Rhodamine B isothiocyanate and oxazolone (4-ethoxymethylene-2-phenyloxazol-5-one) were obtained from Sigma (St. Louis, MO). A specific mAb against MMP-9 (clone 6-6B, IgG1) (11) was obtained from Oncogene Research Products (Cambridge, MA). Isotype-matched control mouse IgG1 (clone MOPC21) was purchased from Sigma. The sodium azide contained in this reagent was removed by ultrafiltration using Microcon-10 (Grace Japan, Tokyo, Japan). The hybridoma M5/114.15.2 producing rat anti-I-Ab,d,q and I-Ed,k was obtained from American Type Culture Collection (Manassas, VA), and its culture supernatant was used in this study. FITC-conjugated mouse mAb against mouse I-Ad (clone AMS-32-1) was purchased from PharMingen (San Diego, CA). Purified MMP-9 and MMP-2 derived from murine macrophages were obtained from Elastin Products (Owensville, MO), the gelatin-degrading activities of both of which were 50–70 U/μg protein (1 U degrades 1 μg of gelatin/h). Antibodies and purified MMPs used in this study were endotoxin free, as confirmed by the Limulus test.
Antibody, enzyme, and chemical treatment
Mice were injected intradermally on the dorsal side of both ear pinnae with 30 μl of anti-MMP-9 mAb (1, 5, or 10 μg/ear) or isotype-matched IgG (10 μg/ear) dissolved in PBS using 50-μl microsyringes and 26½-gauge needles. Thirty minutes after mAb injection, 25 μl of 2% rhodamine B dissolved in acetone-dibutylphthalate (1:1) or 0.25% oxazolone dissolved in acetone-olive oil (4:1) was painted onto the dorsal side of both pinnae. In some experiments, mice were injected intradermally on the dorsal side of both pinnae with 30 μl of purified MMP-9 (1.0 μg/ear) or MMP-2 (1.0 μg/ear) dissolved in PBS.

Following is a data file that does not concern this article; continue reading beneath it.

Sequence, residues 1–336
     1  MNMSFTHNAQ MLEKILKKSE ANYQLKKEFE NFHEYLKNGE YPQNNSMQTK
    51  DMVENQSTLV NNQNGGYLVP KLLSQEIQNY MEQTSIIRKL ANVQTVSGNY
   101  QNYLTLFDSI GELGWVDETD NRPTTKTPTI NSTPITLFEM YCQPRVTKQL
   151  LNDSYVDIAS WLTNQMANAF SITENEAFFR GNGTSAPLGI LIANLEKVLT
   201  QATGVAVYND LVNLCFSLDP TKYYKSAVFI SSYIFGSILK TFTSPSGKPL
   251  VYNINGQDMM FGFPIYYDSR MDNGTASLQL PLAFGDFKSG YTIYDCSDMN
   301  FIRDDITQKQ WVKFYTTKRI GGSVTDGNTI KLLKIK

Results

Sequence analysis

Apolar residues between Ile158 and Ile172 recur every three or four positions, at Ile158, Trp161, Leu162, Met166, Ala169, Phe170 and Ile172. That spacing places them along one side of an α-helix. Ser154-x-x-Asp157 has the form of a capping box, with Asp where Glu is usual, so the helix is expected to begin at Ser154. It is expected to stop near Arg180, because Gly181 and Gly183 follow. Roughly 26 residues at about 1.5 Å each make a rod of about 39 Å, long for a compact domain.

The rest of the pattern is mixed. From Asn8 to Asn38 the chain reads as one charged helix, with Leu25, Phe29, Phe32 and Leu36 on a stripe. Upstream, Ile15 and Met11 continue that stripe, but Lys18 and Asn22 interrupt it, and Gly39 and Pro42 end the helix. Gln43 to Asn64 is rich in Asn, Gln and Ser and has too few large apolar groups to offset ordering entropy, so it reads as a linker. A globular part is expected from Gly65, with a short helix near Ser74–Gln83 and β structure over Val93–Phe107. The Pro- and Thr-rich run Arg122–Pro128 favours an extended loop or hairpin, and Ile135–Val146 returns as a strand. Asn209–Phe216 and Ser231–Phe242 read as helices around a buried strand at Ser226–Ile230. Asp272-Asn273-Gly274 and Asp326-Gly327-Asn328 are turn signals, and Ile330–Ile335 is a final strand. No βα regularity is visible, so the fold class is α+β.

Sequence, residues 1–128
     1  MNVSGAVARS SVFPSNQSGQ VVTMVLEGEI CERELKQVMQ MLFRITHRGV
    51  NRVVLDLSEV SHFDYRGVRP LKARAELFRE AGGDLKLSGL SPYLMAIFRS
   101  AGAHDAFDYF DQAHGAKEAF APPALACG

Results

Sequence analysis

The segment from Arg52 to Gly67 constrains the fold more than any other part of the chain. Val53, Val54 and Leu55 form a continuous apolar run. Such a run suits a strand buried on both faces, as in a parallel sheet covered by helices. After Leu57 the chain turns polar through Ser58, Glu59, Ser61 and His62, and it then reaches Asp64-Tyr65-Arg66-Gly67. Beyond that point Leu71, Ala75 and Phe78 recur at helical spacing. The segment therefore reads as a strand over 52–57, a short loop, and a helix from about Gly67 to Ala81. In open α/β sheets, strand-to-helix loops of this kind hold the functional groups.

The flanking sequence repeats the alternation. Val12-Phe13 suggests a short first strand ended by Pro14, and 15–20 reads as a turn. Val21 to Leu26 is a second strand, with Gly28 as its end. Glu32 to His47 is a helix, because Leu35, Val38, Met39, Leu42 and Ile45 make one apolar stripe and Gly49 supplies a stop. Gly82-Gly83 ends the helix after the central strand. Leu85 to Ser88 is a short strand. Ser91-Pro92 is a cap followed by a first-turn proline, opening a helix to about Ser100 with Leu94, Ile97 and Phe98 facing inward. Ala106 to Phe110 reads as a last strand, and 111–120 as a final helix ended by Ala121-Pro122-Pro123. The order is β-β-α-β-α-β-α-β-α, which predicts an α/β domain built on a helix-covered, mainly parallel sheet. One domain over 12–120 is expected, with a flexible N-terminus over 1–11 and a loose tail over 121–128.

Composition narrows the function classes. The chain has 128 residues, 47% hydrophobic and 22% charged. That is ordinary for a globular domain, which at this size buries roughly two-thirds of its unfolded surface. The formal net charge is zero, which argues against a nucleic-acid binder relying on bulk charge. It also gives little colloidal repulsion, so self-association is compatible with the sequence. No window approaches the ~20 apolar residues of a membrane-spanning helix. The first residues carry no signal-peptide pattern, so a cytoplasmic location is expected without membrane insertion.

Preparation of epidermal sheets
Eighteen hours after sensitizer painting, the ears of mice were obtained, and epidermal sheets were prepared by incubating dorsal ear halves with 0.02 M EDTA in PBS for 2 h at 37°C. Epidermal sheets were fixed in acetone for 20 min at −20°C, washed with PBS, and incubated with rat anti-I-A mAb (M5/114.15.2) overnight at 4°C. They were then incubated with peroxidase-conjugated anti-rat IgG (Zymed, South San Francisco, CA) for 3 h at room temperature, followed by incubation with the substrate 3-amino-9-ethylcarbazole. The sheets were then mounted on glass slides and photographed under phase-contrast microscopy (Olympus, Tokyo, Japan), and the numbers of MHC class II-positive cells in five random high power fields (0.33 mm2) were counted. In some experiments FITC-conjugated rabbit polyclonal Ab against rat IgG (Dako Japan, Kyoto, Japan) was used to distinguish I-A-positive cells under fluorescence microscopy (Olympus).
Preparation of lymph node dendritic cells